I had a hard time with parts of Bitterwood as well. I couldn’t buy into the dragons for some reason. I kept seeing men in plastic suits. So I’d get to a good part and that would just take me right out of the story. I understand Dragonforge (the second) is a much more successful story. It’s the book the drew Orson Card in (you don’t have to have Bitterwood to read it). I’m going to be giving that one a shot because some of Maxey’s stories are soooo good for me. His “To Know All Things In The Earth” out on Intergalactic Medicine Show is a favorite short story of mine. Still, no book is for everyone.

    Still, that post matches up with my experience writing so well. Craft is critical. And we can learn a lot from stories that don’t work for us. But in the end passion rules the process.

  14. I finally finished Watchmen and listened to this. Personally, I felt the Black Flag story was fantastic, especially the way it was used near the end of the book to “tell” the story of the people around the news stand. The two stories were almost providing commentary to each other, and was a wonderful story telling device.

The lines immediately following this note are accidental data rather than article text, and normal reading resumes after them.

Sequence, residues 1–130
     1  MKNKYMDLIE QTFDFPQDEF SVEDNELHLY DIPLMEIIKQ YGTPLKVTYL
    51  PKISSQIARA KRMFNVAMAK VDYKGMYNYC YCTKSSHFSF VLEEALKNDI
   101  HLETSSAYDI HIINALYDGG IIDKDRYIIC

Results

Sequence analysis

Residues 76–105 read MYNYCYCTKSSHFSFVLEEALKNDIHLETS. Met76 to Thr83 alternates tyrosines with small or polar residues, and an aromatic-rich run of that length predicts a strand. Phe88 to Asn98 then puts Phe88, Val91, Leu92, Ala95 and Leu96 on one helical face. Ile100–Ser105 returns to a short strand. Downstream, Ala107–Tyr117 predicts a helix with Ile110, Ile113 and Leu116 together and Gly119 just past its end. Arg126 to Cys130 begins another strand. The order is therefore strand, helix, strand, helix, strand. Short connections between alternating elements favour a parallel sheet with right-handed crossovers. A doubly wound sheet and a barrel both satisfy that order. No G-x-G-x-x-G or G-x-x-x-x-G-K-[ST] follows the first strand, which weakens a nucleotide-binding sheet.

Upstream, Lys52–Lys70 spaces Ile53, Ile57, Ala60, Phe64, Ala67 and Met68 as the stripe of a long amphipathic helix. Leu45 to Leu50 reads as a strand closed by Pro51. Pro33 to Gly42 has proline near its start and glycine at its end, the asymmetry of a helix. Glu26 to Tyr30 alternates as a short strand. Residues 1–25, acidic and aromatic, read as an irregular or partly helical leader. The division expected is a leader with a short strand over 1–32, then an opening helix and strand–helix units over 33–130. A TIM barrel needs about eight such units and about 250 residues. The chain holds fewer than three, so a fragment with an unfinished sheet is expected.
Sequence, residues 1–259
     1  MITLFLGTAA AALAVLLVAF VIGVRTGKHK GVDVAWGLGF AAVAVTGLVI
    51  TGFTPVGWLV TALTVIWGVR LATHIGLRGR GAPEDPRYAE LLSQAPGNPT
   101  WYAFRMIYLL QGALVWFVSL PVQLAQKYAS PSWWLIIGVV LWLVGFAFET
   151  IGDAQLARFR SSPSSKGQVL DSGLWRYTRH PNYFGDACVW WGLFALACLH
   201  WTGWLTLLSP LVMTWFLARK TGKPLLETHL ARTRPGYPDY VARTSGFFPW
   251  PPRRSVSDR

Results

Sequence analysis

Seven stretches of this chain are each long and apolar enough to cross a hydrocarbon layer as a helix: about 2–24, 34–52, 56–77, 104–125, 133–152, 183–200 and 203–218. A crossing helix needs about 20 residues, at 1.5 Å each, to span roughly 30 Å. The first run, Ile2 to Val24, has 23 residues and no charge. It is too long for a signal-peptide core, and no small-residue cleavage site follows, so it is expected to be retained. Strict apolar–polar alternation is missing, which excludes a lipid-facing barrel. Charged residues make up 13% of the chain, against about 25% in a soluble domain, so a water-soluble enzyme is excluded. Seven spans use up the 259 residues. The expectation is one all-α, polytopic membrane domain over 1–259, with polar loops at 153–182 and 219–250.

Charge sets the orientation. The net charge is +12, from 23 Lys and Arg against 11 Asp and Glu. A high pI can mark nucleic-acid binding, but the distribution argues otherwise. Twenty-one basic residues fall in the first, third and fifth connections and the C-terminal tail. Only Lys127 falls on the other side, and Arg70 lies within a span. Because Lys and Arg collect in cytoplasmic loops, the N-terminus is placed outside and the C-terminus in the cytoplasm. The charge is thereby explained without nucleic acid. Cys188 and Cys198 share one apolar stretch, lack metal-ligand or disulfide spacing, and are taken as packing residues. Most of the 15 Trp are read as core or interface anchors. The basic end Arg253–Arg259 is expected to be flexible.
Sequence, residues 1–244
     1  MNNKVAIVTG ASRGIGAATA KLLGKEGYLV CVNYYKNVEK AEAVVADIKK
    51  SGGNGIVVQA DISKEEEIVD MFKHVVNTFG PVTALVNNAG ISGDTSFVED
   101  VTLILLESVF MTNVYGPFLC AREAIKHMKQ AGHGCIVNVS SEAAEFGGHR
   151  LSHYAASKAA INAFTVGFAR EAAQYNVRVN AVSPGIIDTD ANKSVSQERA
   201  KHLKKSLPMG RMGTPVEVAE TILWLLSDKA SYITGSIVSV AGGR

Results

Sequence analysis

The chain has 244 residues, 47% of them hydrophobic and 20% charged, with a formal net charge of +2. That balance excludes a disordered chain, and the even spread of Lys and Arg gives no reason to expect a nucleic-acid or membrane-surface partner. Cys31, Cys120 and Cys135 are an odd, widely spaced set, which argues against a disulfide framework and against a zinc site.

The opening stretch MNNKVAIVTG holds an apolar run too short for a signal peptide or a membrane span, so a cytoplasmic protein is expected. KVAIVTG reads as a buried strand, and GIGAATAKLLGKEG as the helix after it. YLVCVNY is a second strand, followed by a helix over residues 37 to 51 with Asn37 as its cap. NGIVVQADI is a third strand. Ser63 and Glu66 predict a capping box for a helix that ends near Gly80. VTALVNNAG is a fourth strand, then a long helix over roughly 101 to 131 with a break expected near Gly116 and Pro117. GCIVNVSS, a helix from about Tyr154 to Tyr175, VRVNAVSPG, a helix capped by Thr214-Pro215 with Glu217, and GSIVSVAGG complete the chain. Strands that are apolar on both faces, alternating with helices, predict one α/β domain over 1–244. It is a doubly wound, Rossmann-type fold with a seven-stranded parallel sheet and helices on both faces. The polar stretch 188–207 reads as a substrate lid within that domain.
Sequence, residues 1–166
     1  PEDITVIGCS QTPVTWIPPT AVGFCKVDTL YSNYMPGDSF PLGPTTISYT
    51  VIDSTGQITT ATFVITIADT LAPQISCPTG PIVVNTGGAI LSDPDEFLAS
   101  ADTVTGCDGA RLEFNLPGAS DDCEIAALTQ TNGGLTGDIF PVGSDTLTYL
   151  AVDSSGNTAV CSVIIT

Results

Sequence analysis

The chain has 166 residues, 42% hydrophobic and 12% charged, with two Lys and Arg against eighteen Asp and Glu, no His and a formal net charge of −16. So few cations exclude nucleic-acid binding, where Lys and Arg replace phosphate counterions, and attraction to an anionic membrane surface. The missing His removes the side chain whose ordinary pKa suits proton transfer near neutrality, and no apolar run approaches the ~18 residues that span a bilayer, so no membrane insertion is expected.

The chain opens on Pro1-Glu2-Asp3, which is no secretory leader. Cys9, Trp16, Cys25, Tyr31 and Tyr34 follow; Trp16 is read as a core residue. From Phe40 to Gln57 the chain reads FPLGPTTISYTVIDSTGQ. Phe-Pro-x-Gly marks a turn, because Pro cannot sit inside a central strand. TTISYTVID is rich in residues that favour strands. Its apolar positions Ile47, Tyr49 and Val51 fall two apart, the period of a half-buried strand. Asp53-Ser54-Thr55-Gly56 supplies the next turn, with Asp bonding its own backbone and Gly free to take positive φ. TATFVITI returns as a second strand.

15. Hopefully I can add to this commentary instead of objecting.

    You guys critiqued Watchmen as a story. But as Howard mentioned, you need to spend time on the graphics as well. This is because it’s a comic book. And especially in the case of Watchmen, the medium it is in needs to be taken into account. Because there’s a LOT in there that is understood better when you look at it not just as a superhero story, but as a superhero COMIC.

    The Black Freighter bit is a major case in point. The Black Freighter tells a story much more reminiscent of the 40s and 50s “EC” style horror and true crime comics. These stories weren’t being told in the 80s for various reasons, primarily due to the horrid bit of pretend psychology Seduction of the Innocent and the subsequent Congressional witch hunt. They don’t fit.

    UNLESS superheroes are real. Reading superheroes isn’t an escape if you’ve had real superheroes and rejected them as a society. Once you’ve done that, your comic books start seeking other material. Rejecting the voluntary Comic Code Authority approval might come up a lot sooner (the iron grip the CCA had on comics didn’t really end until the late 90s). The Black Freighter storyline is content that responds directly to the setting information.

    That doesn’t clear it up so much in terms of plot, but it explains why it was a good addition for setting, and for the alternate purpose of the work: criticizing the industry responsible for the comic medium.